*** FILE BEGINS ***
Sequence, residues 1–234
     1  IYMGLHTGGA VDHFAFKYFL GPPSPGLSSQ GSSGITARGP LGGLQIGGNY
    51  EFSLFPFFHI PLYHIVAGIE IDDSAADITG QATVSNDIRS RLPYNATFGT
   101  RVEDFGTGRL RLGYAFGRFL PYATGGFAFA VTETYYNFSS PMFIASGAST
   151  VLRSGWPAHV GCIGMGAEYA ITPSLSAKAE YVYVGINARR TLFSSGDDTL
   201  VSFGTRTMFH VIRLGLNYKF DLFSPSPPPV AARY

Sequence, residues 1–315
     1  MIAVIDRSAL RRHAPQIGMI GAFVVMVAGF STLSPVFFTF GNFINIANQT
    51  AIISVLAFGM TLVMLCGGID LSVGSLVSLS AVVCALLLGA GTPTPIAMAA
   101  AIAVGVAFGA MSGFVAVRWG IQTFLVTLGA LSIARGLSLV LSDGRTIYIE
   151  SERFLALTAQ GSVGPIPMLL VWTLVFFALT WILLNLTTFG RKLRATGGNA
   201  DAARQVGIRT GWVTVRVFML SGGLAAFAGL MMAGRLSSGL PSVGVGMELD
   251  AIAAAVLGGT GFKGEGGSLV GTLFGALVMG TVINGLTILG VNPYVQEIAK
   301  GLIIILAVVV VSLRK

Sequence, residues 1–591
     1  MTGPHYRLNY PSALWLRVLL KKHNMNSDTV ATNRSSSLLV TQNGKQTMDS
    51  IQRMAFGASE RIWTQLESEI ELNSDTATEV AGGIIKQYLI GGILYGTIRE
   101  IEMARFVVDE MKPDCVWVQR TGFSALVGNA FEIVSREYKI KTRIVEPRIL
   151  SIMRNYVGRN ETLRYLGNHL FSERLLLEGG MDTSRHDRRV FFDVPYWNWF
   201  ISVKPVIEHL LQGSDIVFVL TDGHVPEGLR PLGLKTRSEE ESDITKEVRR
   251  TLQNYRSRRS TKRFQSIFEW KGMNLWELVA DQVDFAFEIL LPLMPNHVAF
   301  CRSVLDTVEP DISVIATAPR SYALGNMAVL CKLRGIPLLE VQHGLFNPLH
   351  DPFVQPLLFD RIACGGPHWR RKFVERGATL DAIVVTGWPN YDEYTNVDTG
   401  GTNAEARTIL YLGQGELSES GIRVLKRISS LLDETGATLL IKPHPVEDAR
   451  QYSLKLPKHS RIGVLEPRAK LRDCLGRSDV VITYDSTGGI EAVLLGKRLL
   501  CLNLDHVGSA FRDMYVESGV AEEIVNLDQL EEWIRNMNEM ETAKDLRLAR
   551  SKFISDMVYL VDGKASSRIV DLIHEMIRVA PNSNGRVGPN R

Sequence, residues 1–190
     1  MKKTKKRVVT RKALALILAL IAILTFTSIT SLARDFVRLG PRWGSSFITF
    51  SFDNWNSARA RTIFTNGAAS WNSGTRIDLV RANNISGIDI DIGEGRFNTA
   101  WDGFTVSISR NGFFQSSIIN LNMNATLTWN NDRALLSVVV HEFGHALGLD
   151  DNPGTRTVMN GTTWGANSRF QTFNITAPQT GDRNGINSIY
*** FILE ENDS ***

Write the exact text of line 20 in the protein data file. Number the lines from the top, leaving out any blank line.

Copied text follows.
   201  ISVKPVIEHL LQGSDIVFVL TDGHVPEGLR PLGLKTRSEE ESDITKEVRR